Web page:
And the Bravery? Sound like the Killers, and the singer sounds rather way too much like Robert Smith (of The Cure, in case you're 19 or living under a rock), which is a good thing since I wonder how much longer Mr. Smith will be able to manage it hiimself. Despite that--and the fact that track two of The Bravery sounds almost actionably close to track two on The Killers' debut, Hot Fuss, as if it were like a pastiche or something... :o)--it's tons of fun.

While it has nothing in my mind to rival the sheer, jump-around-your-attic-in-your-boxers-playing-air-guitar quality of say, Mr. Brightside or Somebody Told Me (by The Killers, just in case you're 40 or living under a rock), I can see myself growing to like the album as a whole more than Hot Fuss, as I find it less pretentious, forced, and calculated.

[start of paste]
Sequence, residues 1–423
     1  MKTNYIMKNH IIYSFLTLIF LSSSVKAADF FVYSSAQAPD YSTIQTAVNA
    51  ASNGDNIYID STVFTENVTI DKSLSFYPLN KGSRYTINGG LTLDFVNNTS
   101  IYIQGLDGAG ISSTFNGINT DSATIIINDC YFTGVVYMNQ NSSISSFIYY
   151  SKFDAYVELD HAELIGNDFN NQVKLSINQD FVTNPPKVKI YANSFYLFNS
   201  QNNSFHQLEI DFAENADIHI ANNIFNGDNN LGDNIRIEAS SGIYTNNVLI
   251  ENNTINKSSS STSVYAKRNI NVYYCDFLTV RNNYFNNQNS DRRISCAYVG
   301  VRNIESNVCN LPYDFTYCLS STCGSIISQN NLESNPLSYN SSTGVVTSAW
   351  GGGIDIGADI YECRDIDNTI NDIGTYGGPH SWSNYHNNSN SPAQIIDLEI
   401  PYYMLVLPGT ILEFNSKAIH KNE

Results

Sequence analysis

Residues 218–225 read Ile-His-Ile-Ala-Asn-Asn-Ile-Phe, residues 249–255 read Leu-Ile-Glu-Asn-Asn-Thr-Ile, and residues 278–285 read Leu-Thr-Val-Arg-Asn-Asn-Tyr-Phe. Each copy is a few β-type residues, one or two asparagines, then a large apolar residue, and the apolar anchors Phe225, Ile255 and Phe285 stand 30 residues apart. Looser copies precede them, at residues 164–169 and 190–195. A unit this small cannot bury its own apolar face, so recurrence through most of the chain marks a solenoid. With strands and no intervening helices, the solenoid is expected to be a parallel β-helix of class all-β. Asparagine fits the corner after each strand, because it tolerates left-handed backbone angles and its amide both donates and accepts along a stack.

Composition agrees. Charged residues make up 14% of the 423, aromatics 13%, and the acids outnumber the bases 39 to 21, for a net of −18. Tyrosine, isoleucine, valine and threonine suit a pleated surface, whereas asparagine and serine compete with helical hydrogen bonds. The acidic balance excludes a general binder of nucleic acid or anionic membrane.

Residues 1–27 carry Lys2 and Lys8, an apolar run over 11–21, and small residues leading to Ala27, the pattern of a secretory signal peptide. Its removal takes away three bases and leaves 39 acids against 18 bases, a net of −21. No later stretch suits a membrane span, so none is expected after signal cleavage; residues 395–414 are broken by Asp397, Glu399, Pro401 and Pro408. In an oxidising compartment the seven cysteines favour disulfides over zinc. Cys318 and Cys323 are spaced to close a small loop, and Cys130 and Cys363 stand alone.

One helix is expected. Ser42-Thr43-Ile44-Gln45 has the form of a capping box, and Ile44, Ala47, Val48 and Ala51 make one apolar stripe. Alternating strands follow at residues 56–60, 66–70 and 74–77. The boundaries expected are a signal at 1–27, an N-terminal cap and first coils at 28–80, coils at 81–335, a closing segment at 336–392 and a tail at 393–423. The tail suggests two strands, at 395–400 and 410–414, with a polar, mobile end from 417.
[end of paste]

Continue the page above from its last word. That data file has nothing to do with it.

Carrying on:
RECOMMENDED, but really kids, if you don't have any music by the artists who created this sound the first time around, go buy some; it's all remastered and sounds great all over again. Yes, dance music is ALLOWED to have guitars AND live drums.
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8 of 8 people found the following review helpful By J. Persh on April 12, 2005
Format: Audio CD
Depending on how you feel about the latest trend in alternative music I guess you can credit/blame The Strokes for starting a new wave revival of sorts. However you feel about, its quite apparent that the sound has arrived.

The Bravery are another in a recent wave of NYC new wave revivalists proceeded by The Strokes, Interpol, Ambulance LTD and a handful of UK acts and a band from Vegas.

Scoring more points for execution than originality The Bravery have definitely listened to a few New Order records in their day as witnessed in "An Honest Mistake", the lead track. However, when the songs are this good its easier to forgive the lack of originality and just enjoy the show.